Route 66 is the main road of exodus for those fleeing from the harsh economic and environmental conditions of the Dust Bowl, stretching from the Mississippi to Bakersfield, California. Chapter 12 is a generalized vision of the harrowing journey west made by the displaced families. Thousands of people travel the highway, in constant fear over the state of their vehicles and their dwindling finances. Many are discouraged or run out of money. Their abandoned cars litter the highway. Yet, still more gather faith and strength from their fellow migrants and cling tenaciously to a narrow hope for a brighter future.
This chapter provides a preview of the Joads' journey to California. Many elements that will be specified in the next narrative chapter are highlighted here. The constant plea for water foreshadows the water that will be forgotten by the family, and the blown tire (and subsequent search for a replacement) is indicative of the mechanical difficulties that the family will face. Even the warnings about going to California will eventually be addressed in the narrative. The positive ending of the chapter likewise anticipates more specific treatment. Just as a broken-down family is rescued and whisked to California by a generic benefactor, so the Joads lend a hand to the Wilsons. After fixing their car, the two families will also travel together in order to ease difficulties of the journey.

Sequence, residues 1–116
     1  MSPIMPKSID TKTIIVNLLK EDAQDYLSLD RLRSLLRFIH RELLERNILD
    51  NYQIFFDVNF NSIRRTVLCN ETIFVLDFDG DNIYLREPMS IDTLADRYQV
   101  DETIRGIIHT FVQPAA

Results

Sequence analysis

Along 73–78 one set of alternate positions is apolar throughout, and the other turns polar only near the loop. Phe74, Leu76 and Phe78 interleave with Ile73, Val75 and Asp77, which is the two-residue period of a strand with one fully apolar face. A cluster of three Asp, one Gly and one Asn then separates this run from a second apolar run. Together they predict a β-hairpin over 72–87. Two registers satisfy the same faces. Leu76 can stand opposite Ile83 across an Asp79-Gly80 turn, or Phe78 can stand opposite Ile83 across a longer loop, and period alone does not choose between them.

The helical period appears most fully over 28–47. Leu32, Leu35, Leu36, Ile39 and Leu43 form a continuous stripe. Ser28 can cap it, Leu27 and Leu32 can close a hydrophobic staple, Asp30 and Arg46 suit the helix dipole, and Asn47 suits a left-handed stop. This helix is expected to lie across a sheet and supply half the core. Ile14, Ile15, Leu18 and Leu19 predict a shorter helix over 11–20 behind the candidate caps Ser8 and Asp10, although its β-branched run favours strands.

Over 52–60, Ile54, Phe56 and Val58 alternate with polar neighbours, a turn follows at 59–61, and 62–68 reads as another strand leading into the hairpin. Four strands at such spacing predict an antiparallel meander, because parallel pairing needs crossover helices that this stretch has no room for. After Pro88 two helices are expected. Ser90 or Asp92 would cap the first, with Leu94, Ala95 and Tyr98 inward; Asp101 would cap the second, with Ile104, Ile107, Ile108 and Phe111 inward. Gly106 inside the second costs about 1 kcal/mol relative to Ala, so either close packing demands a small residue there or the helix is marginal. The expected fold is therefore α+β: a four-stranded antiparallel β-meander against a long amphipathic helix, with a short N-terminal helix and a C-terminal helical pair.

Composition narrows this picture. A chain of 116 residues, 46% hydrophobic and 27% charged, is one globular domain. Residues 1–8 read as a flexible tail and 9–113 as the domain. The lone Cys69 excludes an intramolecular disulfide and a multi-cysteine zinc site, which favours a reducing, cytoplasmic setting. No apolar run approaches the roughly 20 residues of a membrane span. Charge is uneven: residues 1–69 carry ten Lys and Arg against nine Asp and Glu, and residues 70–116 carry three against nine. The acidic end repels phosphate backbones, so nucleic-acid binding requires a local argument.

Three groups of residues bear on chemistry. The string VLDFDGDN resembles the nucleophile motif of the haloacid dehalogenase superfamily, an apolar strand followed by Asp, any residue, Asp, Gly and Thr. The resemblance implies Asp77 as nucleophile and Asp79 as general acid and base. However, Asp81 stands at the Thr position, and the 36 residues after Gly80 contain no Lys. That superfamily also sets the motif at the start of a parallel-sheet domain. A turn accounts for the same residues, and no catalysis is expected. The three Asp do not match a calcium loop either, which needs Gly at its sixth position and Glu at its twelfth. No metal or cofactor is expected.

Steinbeck's prose style is influenced strongly by the King James Bible, and one of the strongest examples of this influence is in the narrative structure of his plot. The Grapes of Wrath can be divided into three specific sections: the drought and preparation to leave the farm, the journey to California, and the arrival in California. The juxtaposition of two chapters of general observation marks the respective end and beginning of these first two sections. Each of these sections can be paralleled with the experiences of the Israelites in the Old Testament. They correspond respectively with the oppression of the Israelites by the Egyptians, their exodus out of Egypt, and their eventual entrance into the land of Canaan. Steinbeck's description in this chapter of the Okies as "a people in flight" alludes specifically to this biblical story, while his listing of the towns on Route 66 recalls scriptural listings of genealogical lineages.